Getting to the Heart of the Problem Without Open-Heart Surgery

Traditionally, patients with a dangerously narrow aortic valve – a condition known as severe aortic stenosis – faced open-heart surgery and months of recovery to correct the problem. But a leading-edge, minimally invasive procedure available at UT Southwestern can have patients back on their feet in days.

Brian Bethea, M.D.
Brian Bethea, M.D.

Aortic stenosis restricts the flow of blood to the arteries, forcing the heart to work harder and eventually to fail if left untreated. Symptoms include heart murmur, fainting, chest pain, extreme fatigue, and shortness of breath.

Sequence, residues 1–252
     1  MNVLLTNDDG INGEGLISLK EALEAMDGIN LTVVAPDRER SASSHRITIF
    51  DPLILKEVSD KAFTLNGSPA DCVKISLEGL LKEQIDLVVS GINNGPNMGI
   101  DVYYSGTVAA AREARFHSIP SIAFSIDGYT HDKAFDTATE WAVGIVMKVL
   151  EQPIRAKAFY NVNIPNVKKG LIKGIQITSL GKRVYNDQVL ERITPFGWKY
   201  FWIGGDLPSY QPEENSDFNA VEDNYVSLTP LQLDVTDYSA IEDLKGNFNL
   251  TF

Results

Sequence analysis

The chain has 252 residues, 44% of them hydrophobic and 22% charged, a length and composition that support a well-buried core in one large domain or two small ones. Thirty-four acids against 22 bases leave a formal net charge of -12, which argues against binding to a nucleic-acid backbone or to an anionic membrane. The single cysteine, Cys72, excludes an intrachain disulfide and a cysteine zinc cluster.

The minimally invasive Transcatheter Aortic Valve Replacement (TAVR) procedure offered at UTSW replaces the faulty aortic valve by means of a balloon catheter inserted through the groin. The heart is not stopped, as it is during open-heart surgery, and patients typically go home after two or three days.

TAVR has been approved by the Food and Drug Administration for use in patients ineligible for traditional aortic valve surgery.

“The TAVR procedure is a significant advancement in treating aortic stenosis in patients who are too high-risk to undergo open-heart surgery,” says Brian Bethea, M.D., an Assistant Professor of Cardiovascular and Thoracic Surgery who’s trained in TAVR. “It’s lifesaving technology.”

Appointments

To schedule an assessment for the TAVR procedure, call 214-645-8300.